Media round-up! From Columbus to Tampa, talk of Wendy’s Boycott spreading like wildfire…

A sign outside of the encampment of 19 student fasters at The Ohio State University

… But before we get to the links, first we need your help with a snap action to support OSU student fasters:  Sign and share Student/Farmwoker Alliance’s petition for OSU President Drake this morning!

Between the Return to Human Rights Tour’s fast-paced progress through the South and Midwest, and the weeklong fast for farmworker justice of 19 students at the Ohio State University, the spotlight of local press has been closely tracking the Fair Food movement!

Today, we want to bring you a quick round-up of the latest coverage of the tour — documenting both some of the action from this past week, and also what’s next on the horizon.

First, however, we have a quick, critical action we need you to take this morning:  Sign and share a petition of support for the 19 Ohio State University student fasters, who will be meeting with President Michael Drake of OSU in just a few hours to discuss the urgent need for the University to cut ties with Wendy’s until it joins the award-winning Fair Food Program.  This morning, as fasters head into their mid-morning meeting with the President, add your voice to theirs by signing, and sharing, this petition from the Student/Farmworker Alliance!

Now, without further ado, here is your media round-up:

First up, The Ohio State University’s paper of record, the Lantern, has published an update on the 19-student fast that today is entering Day 5, looking ahead Sunday’s much-anticipated Parade for Human Rights.  Here are some of the article highlights:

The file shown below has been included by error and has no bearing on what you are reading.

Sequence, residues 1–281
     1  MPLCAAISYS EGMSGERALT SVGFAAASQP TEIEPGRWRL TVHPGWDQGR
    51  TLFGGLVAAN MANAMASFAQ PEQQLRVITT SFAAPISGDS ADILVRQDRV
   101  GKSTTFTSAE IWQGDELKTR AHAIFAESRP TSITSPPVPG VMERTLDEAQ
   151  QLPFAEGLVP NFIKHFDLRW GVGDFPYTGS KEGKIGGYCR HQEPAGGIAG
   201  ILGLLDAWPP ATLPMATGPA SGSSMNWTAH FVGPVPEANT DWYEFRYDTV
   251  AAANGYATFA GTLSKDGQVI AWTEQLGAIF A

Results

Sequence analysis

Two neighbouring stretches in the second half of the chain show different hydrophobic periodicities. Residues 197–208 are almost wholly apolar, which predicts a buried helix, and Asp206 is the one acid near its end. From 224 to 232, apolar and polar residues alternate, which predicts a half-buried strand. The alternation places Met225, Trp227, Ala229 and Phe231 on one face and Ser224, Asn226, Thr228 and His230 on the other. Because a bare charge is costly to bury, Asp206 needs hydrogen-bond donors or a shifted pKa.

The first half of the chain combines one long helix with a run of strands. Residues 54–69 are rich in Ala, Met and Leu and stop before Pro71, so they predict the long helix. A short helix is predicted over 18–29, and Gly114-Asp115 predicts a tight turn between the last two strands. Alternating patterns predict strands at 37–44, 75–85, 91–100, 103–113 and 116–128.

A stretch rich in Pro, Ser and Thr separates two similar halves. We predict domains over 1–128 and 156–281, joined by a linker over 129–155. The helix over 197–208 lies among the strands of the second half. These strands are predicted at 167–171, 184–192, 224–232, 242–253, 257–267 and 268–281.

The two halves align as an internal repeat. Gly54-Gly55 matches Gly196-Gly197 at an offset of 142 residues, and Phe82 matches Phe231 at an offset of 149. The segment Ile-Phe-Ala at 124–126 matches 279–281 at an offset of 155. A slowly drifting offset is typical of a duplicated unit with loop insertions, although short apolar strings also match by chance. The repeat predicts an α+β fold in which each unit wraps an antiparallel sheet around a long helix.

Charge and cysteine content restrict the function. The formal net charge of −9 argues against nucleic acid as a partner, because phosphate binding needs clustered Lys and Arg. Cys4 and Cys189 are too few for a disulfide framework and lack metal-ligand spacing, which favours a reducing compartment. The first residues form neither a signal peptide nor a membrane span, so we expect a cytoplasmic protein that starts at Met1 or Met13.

Organizations prepare for more protest against Wendy’s

Students from the Ohio State Student/Farmworker Alliance will be outside of Bricker Hall fasting in protest of OSU’s contract with Wendy’s from March 20 to 25. Credit: Mitch Hooper | Engagement Editor

Members of the Ohio State Student/Farmworker Alliance, farmworkers from Immokalee, Florida, and other protesters from across the country will join together Sunday in Columbus for the coalition’s national Return to Human Rights tour to continue pushing its message to Wendy’s of joining the Fair Food Program as well as continuing putting pressure on the university to end its contract with Wendy’s for its Wexner Medical Center location.

The march will begin at Goodale Park at 1 p.m. and end on campus. Santiago Perez, a member of the Coalition of Immokalee Workers, said the group is expecting more than 1,000 people from across the country marching on Sunday.

Perez said he has worked almost every position as a farmworker. Through his experience, he said he feels farmworkers haven’t had a voice to fight for their rights, and this march gives them a chance to have that voice.

“I worked numerous years in agriculture, so I’ve seen the good side of things, and I’ve seen the bad side of things,”  Perez said through translator Jordan Buckley, a member of the Coalition of Immokalee Workers.

Leonel Perez, a farmworker and a member of the CIW, said the group has been organizing the march through Columbus since February. The march will feature floats created by OSU students of the Student/Farmworker Alliance as well as floats created by members of the CIW. Perez said this march excites him and the groups involved as they have won many campaigns in the past and are hoping to win this one as well.